He received some pretty significant tweaks and nerfs leading into the game’s launch, and while he was still a fairly effective hero in both attack and defense, he wasn’t used nearly as much as he was during pre-release matches.
This was due in part to his damage output being reduced, and his transform time from Recon to Sentry mode being reduced to a crawl.
While he still stood as a viable first-time option for Overwatch newcomers, other more mobile and effective heroes — such as Symmetra and Torbjorn — became the norm on defense.
As it stood almost a year after launch, Bastion remained essentially untouched until the last update.
Bastion’s Recon mode was buffed, while his Sentry mode was nerfed. He was given the ability to self-heal both while moving and while taking damage, and this was primarily the cause of much angst from the community.
Essentially, Bastion is able to survive most hero ultimates by simply self-healing during the attack. Previously he couldn’t heal while taking damage. Overnight he became one of the more mobile, versatile and tough characters to play against.
Overwatch game director Jeff Kaplan has responded to the furore, saying it’s to be expected that some fans are hostile to the changes.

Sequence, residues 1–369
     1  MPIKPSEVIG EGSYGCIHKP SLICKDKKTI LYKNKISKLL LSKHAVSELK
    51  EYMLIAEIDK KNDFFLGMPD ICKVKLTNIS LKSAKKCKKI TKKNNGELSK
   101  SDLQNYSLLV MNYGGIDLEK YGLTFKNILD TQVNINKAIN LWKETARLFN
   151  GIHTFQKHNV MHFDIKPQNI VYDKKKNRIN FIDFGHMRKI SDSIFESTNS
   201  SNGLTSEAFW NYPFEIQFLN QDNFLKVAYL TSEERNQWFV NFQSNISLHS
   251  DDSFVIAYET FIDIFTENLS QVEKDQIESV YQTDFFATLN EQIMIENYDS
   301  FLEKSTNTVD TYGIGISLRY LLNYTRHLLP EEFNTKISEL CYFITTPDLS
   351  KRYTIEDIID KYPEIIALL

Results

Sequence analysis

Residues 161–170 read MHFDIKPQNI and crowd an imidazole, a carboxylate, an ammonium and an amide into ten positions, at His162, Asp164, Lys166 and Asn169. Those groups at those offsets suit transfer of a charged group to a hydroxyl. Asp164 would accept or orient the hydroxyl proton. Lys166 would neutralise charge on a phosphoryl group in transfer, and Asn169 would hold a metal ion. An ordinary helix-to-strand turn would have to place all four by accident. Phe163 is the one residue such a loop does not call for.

“We know Bastion is a big focus for everyone right now,” he said. “I’ve been playing online games since they existed and now working on them for almost 15 years. One of the things I’ve learned about online communities is that change — any change — can cause a lot of anxiety. Back when I was working on World of Warcraft, I used to say that if we mailed 500 gold to every player, the community would find some way to be upset about it … because change is bad.”
With that said, Kaplan said changes have been made to Bastion — again — and that they’ve been applied to the most recent PTR update, which also features new character Orisa.
Interestingly, he believes a lot of the criticism aimed at Bastion is “blown out of proportion”.
“Bastion isn’t the ‘I Win button’,” Kaplan said. “He can be focused and countered. When a team is coordinated, he is far scarier than when a team is just playing a pick-up/deathmatch style of play — and I’ve witnessed both over the past few nights. I think complaints and praise of Bastion are both valid. I don’t think he’s perfect yet. But I do think there is a high amount of hyperbole around this particular situation.
Patch 1.9 for the Overwatch PTR changes how Bastion receives damage: previously, he took 35% less damage while in Sentry or Tank form. He now takes 20% less damage.